"I suggest your husband goes to see a doctor about his aim," Chisum replied.

Chisum’s amendment failed, but the ban on homosexual conduct was restored and approved by the House. A conference committee adopted the House version after six deadlocked votes on the issue. "It’s a pretty up-and-down issue without a lot of room for compromise," notes Kansteiner.

Since the homosexual conduct statute was restored seven years ago, efforts to get it taken out of the law have continued. Both Danburg and Rep. Glen Maxey (D-Austin) have repeatedly filed bills to remove it from the penal code. But response from other members of the House has been cool. Neither representative has been able to garner enough support to bring a bill to remove the statute to the House floor for a vote.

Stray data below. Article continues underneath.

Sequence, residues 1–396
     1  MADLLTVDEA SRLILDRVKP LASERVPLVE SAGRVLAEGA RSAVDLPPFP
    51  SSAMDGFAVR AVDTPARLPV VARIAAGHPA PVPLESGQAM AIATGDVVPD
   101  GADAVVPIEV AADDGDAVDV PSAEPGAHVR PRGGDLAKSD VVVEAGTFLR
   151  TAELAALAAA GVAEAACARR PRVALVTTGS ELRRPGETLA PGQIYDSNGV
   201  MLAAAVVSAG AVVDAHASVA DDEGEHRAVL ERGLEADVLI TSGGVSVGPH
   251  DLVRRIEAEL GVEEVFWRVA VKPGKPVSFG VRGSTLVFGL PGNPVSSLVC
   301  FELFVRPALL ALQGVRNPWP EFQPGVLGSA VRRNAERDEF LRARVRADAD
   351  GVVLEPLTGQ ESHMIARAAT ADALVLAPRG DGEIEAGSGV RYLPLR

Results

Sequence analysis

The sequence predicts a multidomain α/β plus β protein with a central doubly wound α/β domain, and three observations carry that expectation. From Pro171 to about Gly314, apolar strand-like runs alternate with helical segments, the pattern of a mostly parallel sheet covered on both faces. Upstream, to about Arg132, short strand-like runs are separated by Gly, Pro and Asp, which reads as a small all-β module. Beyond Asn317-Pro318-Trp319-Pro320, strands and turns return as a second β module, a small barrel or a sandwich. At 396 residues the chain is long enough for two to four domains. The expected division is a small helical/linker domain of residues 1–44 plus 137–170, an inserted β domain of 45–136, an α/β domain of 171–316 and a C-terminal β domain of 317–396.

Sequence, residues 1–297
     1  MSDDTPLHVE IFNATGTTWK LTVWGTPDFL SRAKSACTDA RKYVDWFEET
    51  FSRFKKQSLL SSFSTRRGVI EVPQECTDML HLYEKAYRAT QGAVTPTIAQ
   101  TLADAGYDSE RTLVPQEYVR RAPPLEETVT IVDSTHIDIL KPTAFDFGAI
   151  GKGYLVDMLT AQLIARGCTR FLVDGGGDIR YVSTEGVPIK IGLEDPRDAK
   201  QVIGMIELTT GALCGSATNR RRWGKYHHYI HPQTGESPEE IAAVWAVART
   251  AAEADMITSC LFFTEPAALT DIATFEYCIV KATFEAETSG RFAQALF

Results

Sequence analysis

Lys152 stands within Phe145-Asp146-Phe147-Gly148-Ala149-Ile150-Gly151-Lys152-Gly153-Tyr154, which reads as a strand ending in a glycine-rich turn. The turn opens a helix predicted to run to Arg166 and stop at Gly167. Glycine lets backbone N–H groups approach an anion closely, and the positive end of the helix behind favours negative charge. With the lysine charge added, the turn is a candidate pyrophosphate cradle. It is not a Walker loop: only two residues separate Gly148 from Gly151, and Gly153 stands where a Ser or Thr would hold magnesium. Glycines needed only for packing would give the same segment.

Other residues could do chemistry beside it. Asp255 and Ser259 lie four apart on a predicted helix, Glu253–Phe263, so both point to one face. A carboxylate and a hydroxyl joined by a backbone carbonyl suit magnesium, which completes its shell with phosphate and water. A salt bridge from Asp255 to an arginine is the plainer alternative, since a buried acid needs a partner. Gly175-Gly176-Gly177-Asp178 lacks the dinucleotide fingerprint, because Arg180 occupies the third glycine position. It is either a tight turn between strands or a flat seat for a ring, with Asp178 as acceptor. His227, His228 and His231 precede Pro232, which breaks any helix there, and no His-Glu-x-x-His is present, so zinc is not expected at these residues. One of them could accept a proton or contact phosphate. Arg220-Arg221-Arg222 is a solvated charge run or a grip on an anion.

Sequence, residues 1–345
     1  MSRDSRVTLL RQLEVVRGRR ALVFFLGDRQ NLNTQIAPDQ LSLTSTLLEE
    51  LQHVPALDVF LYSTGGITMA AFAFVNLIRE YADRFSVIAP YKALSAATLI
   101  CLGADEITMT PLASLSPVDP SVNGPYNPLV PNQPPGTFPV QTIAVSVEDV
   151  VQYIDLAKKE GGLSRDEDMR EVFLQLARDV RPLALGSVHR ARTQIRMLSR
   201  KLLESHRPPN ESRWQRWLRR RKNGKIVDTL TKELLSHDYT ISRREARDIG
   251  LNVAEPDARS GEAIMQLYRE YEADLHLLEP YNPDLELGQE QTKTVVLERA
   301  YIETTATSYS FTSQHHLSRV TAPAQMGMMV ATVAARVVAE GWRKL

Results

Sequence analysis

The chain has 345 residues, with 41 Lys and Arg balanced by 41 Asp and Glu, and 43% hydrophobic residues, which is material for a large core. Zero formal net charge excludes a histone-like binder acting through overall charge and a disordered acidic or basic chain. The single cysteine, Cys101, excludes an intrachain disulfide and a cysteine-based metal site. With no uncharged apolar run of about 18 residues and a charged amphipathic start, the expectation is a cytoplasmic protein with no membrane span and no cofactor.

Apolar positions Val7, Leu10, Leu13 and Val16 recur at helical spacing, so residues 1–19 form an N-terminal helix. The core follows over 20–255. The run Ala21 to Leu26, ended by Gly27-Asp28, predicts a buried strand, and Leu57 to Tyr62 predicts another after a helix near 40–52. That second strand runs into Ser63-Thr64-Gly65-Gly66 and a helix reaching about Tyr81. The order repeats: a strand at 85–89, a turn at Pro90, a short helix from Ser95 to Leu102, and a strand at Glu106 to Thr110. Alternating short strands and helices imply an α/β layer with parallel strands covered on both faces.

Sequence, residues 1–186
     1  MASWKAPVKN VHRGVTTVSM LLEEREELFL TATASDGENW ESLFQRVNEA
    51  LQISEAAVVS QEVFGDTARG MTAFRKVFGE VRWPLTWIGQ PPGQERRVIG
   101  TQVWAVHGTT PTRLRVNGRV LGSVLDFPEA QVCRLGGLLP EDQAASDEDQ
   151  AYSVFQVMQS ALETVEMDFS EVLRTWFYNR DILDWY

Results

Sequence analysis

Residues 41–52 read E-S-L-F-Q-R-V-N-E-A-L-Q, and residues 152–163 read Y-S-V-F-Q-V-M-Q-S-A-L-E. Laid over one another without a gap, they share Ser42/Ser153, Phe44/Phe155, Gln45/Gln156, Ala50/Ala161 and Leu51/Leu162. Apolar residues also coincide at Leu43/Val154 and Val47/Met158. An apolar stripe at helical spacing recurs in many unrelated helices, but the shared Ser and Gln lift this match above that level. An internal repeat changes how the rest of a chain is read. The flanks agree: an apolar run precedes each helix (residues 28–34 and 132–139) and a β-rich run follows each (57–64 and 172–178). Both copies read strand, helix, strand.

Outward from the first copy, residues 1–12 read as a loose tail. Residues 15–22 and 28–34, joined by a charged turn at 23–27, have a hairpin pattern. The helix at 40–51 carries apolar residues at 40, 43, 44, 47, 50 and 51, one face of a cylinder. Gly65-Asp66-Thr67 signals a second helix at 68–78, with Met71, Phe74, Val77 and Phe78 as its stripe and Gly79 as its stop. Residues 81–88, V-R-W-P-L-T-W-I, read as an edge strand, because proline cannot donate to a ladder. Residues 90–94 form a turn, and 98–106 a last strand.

"There’s a lot of Texas senators and representatives that come from places where being gay doesn’t fly back home," Danburg said. "It’s frustrating because there are so many people who believe everyone should be part of the government, but the mention of homosexuality makes them throw all their goodwill out the window. ... It’s inappropriate and sad."

Sodomy laws are not unique to Texas. Until the 1960s, all 50 states had laws outlawing anal and oral sex. These laws began to be repealed and stricken down by the courts in a growing number of states in the 1960s. Today, 13 states have sodomy laws that apply to both heterosexual and homosexual couples: Alabama, Arizona, Florida, Idaho, Louisiana, Michigan, Massachusetts, Michigan, Minnesota, North Carolina, Utah, and Virginia. Five more have sodomy laws that apply only to same-sex couples: Arkansas, Kansas, Oklahoma, Missouri, and Texas.

They Fought the Law